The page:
CONSPIRACY theorists have pointed out that “Omicron” is an anagram of “moronic” and say it’s a sign we’re being taken for mugs by evil geniuses who want to control us.
Dig deeper in to Crazyland and you’ll find others screeching that it’s also an anagram of oncomir, a molecule that’s associated with cancer.
“Start doing your research!” implored one, with no irony whatsoever. “They are laughing themselves silly behind closed doors over the reality that the dumbed-down masses are set to believe wholeheartedly this new bogus variant really exists,” said another.
Meanwhile, back in the real world, we know that the latest variant of the Covid virus exists.
But what we should be questioning is why the gathering doomsayers are treating it like the plague when all the evidence suggests it’s far less worrying than the influenza that comes and goes each winter without fuss.
Watching the podium-clutchers ramping up the rhetoric and propelling us back into masks and travel restrictions felt like a parallel universe to everyday life which, for the most part, is creeping back towards normality.
Without those press conferences and rolling news channels slavishly reporting every cough and spit, we probably wouldn’t even know about Omicron. Yet here we are, staring in disbelief at our TV screens as those who claim to “lead” us behave like deranged lemmings falling off a cliff.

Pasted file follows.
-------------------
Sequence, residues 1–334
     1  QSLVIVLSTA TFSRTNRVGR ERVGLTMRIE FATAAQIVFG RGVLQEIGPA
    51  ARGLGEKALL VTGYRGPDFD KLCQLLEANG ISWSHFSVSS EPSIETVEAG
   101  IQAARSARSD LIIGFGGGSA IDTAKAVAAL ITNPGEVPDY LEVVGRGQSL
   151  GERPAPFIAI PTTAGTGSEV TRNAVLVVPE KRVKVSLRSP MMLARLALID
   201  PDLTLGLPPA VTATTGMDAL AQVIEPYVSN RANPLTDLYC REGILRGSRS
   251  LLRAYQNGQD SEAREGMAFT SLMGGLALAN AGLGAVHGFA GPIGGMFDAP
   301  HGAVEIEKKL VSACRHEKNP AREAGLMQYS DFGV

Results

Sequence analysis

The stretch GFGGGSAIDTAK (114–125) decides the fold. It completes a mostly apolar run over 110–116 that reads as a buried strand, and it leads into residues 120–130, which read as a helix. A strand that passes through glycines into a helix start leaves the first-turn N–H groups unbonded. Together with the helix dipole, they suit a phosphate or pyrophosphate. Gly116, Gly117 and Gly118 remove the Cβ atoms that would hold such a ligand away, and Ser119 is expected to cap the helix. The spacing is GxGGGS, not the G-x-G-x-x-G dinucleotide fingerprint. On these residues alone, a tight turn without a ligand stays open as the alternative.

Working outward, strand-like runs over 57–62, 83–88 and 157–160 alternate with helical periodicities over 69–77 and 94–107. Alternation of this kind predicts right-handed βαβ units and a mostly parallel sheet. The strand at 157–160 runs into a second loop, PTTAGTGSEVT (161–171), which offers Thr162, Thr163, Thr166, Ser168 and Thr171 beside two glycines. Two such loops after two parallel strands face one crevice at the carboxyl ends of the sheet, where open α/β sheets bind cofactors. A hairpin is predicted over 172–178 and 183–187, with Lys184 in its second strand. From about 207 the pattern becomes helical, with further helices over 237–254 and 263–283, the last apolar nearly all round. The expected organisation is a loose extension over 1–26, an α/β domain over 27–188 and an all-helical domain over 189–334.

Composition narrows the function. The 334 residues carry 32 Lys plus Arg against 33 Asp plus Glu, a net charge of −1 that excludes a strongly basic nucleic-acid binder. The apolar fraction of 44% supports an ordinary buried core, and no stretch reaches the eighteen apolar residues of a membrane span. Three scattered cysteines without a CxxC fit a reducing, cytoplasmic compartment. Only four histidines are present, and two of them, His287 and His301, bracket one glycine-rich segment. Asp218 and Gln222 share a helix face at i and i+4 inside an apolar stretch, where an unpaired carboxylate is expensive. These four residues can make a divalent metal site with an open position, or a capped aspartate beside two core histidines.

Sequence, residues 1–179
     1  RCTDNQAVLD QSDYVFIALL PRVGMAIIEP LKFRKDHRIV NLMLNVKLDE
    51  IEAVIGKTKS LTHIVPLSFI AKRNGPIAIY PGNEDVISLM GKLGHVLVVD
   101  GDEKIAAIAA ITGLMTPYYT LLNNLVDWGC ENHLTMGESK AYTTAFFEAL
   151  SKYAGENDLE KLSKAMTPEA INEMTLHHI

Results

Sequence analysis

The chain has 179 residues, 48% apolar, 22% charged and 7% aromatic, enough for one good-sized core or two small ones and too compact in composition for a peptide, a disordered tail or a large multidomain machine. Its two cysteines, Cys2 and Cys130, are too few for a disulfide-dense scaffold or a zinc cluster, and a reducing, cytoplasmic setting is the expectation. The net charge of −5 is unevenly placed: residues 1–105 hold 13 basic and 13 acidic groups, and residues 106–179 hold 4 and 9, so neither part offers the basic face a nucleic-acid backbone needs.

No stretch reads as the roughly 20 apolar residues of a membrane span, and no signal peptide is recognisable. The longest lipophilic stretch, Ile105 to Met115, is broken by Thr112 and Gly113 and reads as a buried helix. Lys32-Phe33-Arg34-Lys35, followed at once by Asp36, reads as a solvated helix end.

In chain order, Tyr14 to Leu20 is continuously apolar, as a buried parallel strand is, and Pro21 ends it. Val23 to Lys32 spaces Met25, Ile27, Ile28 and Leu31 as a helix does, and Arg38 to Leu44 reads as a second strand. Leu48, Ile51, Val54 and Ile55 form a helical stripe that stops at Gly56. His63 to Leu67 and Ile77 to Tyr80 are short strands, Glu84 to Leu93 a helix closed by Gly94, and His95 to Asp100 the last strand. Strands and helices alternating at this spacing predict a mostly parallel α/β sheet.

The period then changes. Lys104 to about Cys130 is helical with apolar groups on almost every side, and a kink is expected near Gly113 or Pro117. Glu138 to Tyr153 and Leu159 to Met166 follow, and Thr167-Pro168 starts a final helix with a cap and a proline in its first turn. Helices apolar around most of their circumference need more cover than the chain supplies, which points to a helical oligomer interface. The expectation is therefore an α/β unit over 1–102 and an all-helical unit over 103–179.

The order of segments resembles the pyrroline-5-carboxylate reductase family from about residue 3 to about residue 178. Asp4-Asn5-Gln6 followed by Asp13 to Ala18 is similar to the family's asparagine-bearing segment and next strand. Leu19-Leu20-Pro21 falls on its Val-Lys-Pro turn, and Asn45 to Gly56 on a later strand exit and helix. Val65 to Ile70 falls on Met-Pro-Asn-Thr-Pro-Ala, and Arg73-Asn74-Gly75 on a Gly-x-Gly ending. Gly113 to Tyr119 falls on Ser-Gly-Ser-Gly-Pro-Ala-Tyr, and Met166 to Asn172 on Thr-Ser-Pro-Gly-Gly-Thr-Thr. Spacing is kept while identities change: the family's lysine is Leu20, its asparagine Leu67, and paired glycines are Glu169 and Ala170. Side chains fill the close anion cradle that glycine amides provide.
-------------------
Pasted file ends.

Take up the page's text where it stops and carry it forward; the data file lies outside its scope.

Dr Angelique Coetzee, the Pretoria-based clinician who first brought “mild” Omicron to global attention, says: “In South Africa, we’ve retained a sense of perspective. We’ve had no new regulations or talk of lockdowns because we’re waiting to see what the variant actually means.
“We’ve also become accustomed here to new Covid variants emerging. So when our scientists confirmed the discovery of yet another, nobody made a huge thing of it. Many people didn’t even notice. But after Britain heard about it, the global picture started to change.”
Indeed it did. The baton of hysteria was grasped by a motley crew of political opportunists, internet sites desperate to fill empty space and generate clickbait, over-cautious Whitehall mandarins scared of their own shadow and the wider “blob” of a civil service heavily populated by people who’d be happy if they never returned to work.
‘Torrent of disinformation’
Viruses mutate and produce variants. They always have and they always will. But what we can change is how we react to them.
Coronavirus in general remains a threat but data says 75 per cent of those currently in intensive care are unvaccinated. And that’s by choice.
Palliative-care doctor Rachel Clarke wrote at the weekend that her NHS trust is on “permanent black alert”, with every conceivable spare space converted into extra wards to deal with the “inevitable consequences” of vaccine refuseniks.